Australia’s National Youth Week, running from April 1 to 10, is an annual celebration of the achievements of young citizens. Laura John, one of the organisers, speaks to 23-year-old Rhiannon Wapling from Melbourne.
Laura has been actively involved in her community for many years and was recently selected by the state of Victoria to represent it as a Young Member on the national planning group for Youth Week.
Victoria, located in the south-east of Australia, is the second most populated state in the country.
Youth Week will involve over 80 organisations running a range of events for young people concluding with the Epic Youth Festival at the Warrandyte Skate Park on April 9.
Beyondblue, the national depression initiative, also supports Youth Week to raise awareness of depression.
Laura says she believes Youth Week is an opportunity to show the country what young people are passionate about and recognise those making a positive contribution to their community.
“It’s important to acknowledge that many young people are doing amazing things, from creating social change to achieving academic excellence and sporting success,” she says.
“National Youth Week is our chance to focus on these accomplishments by showing the community what young people are really about.”
Young Australians are concerned about the issues that will shape their lives yet are also dedicated to taking action to provide all people with a positive future, she says.
“I think that young people in Australia are concerned about the future we are creating for ourselves: as individuals and as a community.
“Young people are passionate about creating positive social change and taking action on some of the big social issues of our generation: climate change, extreme poverty, mental health and same-sex marriage. We’re also concerned about problems with drug and alcohol abuse and the prevalence of youth homelessness.
“As a collective, I think young people want to see an end to inequalities within our society and I believe that we are committed enough to help tackle these issues and make an impact in our communities,” Laura adds.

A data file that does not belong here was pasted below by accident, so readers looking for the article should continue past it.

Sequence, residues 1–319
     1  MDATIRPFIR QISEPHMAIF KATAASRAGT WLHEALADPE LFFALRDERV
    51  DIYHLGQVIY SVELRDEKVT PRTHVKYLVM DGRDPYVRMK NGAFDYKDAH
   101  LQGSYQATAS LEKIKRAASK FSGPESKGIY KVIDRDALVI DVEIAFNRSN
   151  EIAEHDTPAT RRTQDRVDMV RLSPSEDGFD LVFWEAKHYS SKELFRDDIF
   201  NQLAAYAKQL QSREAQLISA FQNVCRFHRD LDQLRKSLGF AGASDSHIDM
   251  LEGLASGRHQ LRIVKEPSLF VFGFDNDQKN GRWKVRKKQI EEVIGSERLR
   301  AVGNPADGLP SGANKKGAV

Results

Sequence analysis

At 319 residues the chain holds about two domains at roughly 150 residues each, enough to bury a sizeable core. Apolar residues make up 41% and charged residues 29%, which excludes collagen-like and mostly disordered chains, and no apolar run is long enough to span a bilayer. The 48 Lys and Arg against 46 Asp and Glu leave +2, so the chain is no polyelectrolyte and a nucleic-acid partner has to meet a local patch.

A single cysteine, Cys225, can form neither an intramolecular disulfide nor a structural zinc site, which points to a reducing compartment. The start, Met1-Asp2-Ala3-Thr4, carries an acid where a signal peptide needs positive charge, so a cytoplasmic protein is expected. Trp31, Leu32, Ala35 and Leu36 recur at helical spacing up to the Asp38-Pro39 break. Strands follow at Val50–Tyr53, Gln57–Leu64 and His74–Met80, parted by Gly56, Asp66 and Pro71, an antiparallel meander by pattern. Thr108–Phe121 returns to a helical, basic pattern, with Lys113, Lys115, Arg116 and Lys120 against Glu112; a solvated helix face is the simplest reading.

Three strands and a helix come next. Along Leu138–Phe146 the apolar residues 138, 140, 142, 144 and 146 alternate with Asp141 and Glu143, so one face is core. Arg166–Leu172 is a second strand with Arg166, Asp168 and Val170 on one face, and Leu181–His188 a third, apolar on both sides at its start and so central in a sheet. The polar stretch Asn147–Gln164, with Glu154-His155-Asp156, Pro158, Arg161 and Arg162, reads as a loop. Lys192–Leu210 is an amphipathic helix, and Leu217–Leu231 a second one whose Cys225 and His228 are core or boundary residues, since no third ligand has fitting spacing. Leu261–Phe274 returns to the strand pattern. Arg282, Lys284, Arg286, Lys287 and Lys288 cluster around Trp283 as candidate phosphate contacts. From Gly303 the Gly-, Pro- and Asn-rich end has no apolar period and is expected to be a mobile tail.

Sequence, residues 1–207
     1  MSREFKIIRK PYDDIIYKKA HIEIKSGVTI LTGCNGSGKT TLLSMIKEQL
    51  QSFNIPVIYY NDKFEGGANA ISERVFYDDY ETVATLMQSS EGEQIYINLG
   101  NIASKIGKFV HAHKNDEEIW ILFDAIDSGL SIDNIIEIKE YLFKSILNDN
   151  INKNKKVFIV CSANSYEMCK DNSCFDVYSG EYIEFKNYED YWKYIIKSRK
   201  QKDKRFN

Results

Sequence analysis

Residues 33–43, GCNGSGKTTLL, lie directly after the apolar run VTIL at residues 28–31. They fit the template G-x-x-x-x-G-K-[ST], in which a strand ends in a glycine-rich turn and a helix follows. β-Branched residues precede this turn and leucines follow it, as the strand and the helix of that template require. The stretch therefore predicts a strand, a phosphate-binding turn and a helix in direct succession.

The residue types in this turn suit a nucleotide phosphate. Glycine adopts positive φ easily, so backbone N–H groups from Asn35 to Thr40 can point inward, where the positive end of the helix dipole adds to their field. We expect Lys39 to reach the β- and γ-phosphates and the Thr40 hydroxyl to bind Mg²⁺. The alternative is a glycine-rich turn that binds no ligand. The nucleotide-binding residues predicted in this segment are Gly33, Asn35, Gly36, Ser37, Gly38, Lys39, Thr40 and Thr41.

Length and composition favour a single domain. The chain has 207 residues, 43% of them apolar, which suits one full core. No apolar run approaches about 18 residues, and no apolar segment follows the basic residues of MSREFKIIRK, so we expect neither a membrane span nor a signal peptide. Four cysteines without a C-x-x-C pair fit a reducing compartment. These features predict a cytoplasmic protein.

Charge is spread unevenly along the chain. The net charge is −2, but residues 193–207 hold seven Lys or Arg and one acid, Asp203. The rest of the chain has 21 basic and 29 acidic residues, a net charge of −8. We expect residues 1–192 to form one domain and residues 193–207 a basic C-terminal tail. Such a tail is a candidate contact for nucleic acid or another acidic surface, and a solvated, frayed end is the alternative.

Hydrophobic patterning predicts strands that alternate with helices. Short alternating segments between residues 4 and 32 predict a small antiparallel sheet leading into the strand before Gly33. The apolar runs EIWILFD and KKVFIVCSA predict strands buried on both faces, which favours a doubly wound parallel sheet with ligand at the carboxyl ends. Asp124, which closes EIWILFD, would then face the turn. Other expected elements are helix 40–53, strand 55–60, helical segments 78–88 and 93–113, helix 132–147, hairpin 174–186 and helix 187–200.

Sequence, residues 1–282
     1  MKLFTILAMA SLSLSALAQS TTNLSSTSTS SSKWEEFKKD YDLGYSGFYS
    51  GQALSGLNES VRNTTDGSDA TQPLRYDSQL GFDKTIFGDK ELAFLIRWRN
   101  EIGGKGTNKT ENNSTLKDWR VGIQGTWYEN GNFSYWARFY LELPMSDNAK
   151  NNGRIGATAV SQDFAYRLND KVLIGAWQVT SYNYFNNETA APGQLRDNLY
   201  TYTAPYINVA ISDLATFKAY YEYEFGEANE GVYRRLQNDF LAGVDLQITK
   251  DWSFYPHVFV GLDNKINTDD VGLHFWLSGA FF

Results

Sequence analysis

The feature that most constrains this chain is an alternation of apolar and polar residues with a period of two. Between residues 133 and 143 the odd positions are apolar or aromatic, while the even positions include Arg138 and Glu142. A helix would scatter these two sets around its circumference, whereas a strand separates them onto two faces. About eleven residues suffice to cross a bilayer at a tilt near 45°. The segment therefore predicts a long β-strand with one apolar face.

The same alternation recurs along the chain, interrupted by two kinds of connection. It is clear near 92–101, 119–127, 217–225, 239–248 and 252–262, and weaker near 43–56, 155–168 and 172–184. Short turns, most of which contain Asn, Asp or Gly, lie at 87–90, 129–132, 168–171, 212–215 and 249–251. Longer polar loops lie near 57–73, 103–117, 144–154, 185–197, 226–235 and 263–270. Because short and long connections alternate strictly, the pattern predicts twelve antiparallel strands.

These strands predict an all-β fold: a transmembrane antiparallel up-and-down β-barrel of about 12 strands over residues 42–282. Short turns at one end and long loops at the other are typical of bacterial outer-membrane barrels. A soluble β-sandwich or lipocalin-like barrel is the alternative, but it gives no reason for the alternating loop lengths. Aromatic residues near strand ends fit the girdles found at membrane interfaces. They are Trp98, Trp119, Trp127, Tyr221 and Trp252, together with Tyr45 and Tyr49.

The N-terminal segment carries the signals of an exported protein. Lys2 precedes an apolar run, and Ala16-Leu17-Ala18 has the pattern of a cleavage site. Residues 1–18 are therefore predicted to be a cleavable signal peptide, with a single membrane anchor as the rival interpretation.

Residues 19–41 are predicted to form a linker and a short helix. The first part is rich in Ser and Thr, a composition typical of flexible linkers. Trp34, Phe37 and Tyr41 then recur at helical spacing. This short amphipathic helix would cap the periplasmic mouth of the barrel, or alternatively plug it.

The theme for National Youth Week for 2011 is “Own It”, a message Laura hopes will inspire all young people to get involved in their local community.
“I would encourage young people to own the change they want to see in their communities and make it happen.
“Don’t be limited by money or resources or people telling you change isn’t possible – change is always possible, if you are committed and passionate enough to make it happen,” Laura says.
The 2011 National Youth Week Talent Competition has just been launched, with some fantastic prizes on offer for young Australians with a passion for music, writing, photography and graphic design.
For more information about Youth Week events and the competitions visit www.youthweek.com.
To keep up-to-date with what’s happening in Victoria, visit www.youthcentral.vic.gov.au where you can see Laura’s weekly blogs or check out her Facebook page by searching for Laura Young Member (Victoria).
Note: The opinions expressed in this article are those of the author and do not necessarily represent the views of the Commonwealth Youth Programme. All articles are published in a spirit of improving dialogue, respect and understanding. If you disagree, why not submit a response?
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